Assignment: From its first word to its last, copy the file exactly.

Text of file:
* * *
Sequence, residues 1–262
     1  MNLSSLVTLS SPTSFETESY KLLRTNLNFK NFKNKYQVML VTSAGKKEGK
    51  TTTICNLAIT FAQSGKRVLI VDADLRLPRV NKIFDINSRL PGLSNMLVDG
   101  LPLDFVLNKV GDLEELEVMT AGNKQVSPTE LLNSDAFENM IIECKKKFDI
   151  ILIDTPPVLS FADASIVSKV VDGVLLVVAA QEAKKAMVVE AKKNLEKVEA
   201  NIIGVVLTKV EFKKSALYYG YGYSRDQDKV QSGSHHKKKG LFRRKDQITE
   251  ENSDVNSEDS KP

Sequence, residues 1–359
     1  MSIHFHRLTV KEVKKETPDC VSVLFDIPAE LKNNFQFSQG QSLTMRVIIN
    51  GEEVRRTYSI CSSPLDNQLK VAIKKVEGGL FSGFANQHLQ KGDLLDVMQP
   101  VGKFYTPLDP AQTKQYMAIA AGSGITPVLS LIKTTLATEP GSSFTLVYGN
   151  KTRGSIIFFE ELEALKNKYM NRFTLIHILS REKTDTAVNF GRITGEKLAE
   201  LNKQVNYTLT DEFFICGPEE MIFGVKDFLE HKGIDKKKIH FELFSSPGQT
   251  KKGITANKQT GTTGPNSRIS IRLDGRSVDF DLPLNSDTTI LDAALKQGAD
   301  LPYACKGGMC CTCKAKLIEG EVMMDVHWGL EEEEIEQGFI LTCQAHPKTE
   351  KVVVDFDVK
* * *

Sequence, residues 1–262
     1  MNLSSLVTLS SPTSFETESY KLLRTNLNFK NFKNKYQVML VTSAGKKEGK
    51  TTTICNLAIT FAQSGKRVLI VDADLRLPRV NKIFDINSRL PGLSNMLVDG
   101  LPLDFVLNKV GDLEELEVMT AGNKQVSPTE LLNSDAFENM IIECKKKFDI
   151  ILIDTPPVLS FADASIVSKV VDGVLLVVAA QEAKKAMVVE AKKNLEKVEA
   201  NIIGVVLTKV EFKKSALYYG YGYSRDQDKV QSGSHHKKKG LFRRKDQITE
   251  ENSDVNSEDS KP

Sequence, residues 1–359
     1  MSIHFHRLTV KEVKKETPDC VSVLFDIPAE LKNNFQFSQG QSLTMRVIIN
    51  GEEVRRTYSI CSSPLDNQLK VAIKKVEGGL FSGFANQHLQ KGDLLDVMQP
   101  VGKFYTPLDP AQTKQYMAIA AGSGITPVLS LIKTTLATEP GSSFTLVYGN
   151  KTRGSIIFFE ELEALKNKYM NRFTLIHILS REKTDTAVNF GRITGEKLAE
   201  LNKQVNYTLT DEFFICGPEE MIFGVKDFLE HKGIDKKKIH FELFSSPGQT
   251  KKGITANKQT GTTGPNSRIS IRLDGRSVDF DLPLNSDTTI LDAALKQGAD
   301  LPYACKGGMC CTCKAKLIEG EVMMDVHWGL EEEEIEQGFI LTCQAHPKTE
   351  KVVVDFDVK